Freedom Debt Relief Offers 9 Tips to Keep to Get-Out-of-Debt Resolution

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Priority-setting, organization help Americans stick to debt-reduction goals in 2012

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Getting out of debt is one of the most time-honored resolutions. Try these nine tips to stick to a get-out-of-debt resolution.

With up to 88 percent of individuals failing to keep their New Year’s resolutions, now is the time for those who resolved to reduce debt in 2012 to stay motivated, according to Kevin Gallegos, vice president of Phoenix operations for Freedom Debt Relief (FDR).

“Getting out of debt is one of the most time-honored resolutions each year,” said Gallegos. “It’s a resolution that makes sense, as the average American household that carries credit card debt owes nearly $16,000.” Come February, though, sticking to resolutions to find debt relief can become hard.

Gallegos offered nine tips to help people stick to their 2012 get-out-of-debt resolutions.

1.    Determine your baseline. “You can’t get where you’re going unless you know where you’re starting from.” When it comes to finances and debt, the starting point is a list of everything you owe, including mortgage, credit card debts, auto loans, student loans, personal loans, payday loans, medical bills, and any overdue amounts for utilities, insurance, etc. Next, create a list of monthly income and “must-pay” expenses. These expenses include shelter, basic food, utilities, transportation necessary for your job, basic clothing, etc. The difference of income minus necessary expenses equals your discretionary income. From this amount, you must pay all other expenses – entertainment, eating out, shopping, travel, cable TV, phone service – as well as debt.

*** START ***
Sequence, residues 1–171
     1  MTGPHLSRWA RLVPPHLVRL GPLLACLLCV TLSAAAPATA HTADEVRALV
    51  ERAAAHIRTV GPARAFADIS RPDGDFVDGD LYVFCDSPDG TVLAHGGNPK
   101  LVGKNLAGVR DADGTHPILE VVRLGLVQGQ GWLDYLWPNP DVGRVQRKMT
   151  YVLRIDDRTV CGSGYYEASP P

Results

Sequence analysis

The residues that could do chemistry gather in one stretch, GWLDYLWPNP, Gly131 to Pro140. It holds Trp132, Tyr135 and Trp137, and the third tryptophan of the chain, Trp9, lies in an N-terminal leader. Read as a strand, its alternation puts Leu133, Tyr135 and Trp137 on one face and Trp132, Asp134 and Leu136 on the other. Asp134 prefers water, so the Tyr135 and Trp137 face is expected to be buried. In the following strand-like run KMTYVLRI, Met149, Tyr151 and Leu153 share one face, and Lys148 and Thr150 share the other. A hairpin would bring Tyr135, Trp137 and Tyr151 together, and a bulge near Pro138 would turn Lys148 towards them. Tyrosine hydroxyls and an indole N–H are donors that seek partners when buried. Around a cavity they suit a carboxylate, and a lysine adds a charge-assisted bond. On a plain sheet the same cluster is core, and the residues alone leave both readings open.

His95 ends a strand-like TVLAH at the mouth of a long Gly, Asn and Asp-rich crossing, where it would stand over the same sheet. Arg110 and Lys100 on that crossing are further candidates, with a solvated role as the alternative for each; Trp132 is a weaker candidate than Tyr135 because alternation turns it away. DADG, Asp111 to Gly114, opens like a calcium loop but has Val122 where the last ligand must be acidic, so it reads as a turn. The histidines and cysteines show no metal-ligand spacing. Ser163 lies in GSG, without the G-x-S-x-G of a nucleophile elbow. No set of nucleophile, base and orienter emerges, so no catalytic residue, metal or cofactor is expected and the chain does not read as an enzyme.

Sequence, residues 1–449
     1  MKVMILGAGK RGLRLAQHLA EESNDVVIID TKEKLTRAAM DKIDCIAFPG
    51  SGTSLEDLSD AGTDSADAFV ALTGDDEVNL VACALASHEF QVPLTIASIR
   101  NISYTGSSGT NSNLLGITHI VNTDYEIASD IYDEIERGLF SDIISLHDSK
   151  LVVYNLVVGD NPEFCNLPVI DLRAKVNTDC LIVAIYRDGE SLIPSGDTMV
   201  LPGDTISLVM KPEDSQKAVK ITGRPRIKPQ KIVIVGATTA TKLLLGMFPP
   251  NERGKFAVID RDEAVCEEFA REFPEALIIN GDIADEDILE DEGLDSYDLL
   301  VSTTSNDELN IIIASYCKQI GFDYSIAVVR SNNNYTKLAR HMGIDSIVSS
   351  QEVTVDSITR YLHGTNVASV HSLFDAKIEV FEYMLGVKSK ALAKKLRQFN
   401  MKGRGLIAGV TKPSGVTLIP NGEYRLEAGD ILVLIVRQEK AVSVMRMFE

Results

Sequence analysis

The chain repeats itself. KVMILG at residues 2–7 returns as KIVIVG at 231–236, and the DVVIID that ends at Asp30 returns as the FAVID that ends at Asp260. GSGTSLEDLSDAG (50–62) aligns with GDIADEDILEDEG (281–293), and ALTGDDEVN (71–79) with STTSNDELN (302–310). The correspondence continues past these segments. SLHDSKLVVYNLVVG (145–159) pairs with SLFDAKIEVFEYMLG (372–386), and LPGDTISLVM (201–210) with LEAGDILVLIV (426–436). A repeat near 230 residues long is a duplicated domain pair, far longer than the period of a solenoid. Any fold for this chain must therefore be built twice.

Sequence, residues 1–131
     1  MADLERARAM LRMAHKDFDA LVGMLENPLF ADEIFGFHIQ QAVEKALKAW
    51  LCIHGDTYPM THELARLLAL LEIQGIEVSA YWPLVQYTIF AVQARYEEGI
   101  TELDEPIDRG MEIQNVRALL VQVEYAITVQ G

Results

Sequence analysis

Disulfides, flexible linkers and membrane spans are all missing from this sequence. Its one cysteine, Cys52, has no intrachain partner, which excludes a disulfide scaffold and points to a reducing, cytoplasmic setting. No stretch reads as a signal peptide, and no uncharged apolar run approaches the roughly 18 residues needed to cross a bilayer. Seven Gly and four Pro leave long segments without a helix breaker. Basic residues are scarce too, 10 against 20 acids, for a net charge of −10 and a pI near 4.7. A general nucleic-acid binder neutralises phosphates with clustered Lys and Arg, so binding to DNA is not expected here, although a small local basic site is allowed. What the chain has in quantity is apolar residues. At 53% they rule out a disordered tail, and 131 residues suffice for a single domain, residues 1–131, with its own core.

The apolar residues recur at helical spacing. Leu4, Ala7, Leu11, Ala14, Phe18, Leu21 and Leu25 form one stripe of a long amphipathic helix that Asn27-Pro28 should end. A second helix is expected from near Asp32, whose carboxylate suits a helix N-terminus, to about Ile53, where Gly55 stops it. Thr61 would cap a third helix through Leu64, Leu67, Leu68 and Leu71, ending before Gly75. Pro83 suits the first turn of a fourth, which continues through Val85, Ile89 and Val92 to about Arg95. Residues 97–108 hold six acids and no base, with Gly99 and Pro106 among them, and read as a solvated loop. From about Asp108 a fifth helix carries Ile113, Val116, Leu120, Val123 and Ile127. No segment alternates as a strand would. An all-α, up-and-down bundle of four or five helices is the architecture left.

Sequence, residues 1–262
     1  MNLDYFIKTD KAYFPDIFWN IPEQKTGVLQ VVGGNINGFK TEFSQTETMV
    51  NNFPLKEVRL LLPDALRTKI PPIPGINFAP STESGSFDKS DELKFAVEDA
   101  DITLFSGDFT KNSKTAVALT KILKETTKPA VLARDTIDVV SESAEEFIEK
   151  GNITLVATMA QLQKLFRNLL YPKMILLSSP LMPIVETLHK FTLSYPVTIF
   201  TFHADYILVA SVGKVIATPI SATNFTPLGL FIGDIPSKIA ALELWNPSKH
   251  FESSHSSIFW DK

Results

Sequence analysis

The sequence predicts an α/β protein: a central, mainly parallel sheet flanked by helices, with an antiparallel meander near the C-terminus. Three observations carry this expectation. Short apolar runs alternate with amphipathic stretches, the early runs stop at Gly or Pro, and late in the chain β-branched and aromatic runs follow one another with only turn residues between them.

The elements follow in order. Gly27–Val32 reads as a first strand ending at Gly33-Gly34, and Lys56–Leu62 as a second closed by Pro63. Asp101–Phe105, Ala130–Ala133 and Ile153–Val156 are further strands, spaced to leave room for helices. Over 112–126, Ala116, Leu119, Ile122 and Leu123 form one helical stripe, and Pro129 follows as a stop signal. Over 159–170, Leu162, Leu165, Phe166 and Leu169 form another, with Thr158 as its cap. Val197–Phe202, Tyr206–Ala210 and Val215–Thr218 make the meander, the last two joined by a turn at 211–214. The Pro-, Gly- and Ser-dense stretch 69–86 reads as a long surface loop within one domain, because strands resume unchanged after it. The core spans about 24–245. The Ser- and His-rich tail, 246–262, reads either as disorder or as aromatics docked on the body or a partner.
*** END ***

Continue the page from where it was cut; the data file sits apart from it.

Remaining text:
2.    Determine debt-paying priorities. Necessities such as food, shelter and utilities are most important. A vehicle may be necessary for transportation to a job. After making those payments, determine how to allocate any additional money toward your get-out-of-debt resolution. Pay payday loans first, and then credit cards. During this time, do not add to your debt. Use cash, checks, debit or electronic withdrawal from your checking account. Take credit cards out of your wallet and delete credit card information from online shopping sites. Think twice before closing credit card accounts, as this could lower your credit score by reducing the amount of available credit.

3.    Get organized. Beside each bill you listed in Step No. 1, note payment amount, interest rate and due date. Write down how much you will pay each month to each creditor. Pay at least the minimum amount on each bill. To eliminate debt, pay any extra funds you have available to one debt until it is paid off. Then transfer the “extra,” as well as what you were paying on that debt, to the next bill until it is repaid, and so on. Some people like to pay off the smallest balances first, to get the fastest sense of accomplishment. Others like to pay the debt with the highest interest rate first, in order to minimize interest fees. Choose one method and stay consistent.

4.    Get serious about expenses. It may be possible to make $100 a month or more available by carefully scrutinizing expenses, said Gallegos. That may include steps like bringing lunch from home, giving up cigarettes or alcohol, bicycling or carpooling to work, or giving up subscriptions to movie services, music services, magazines or paid websites. Store brands and coupons can help. Also make sure to avoid paying for expedited shipping or “convenience” fees. Keep notes on what you save, and apply that amount to your debt. While monthly progress may seem small, remember to think long-term; your efforts will pay off.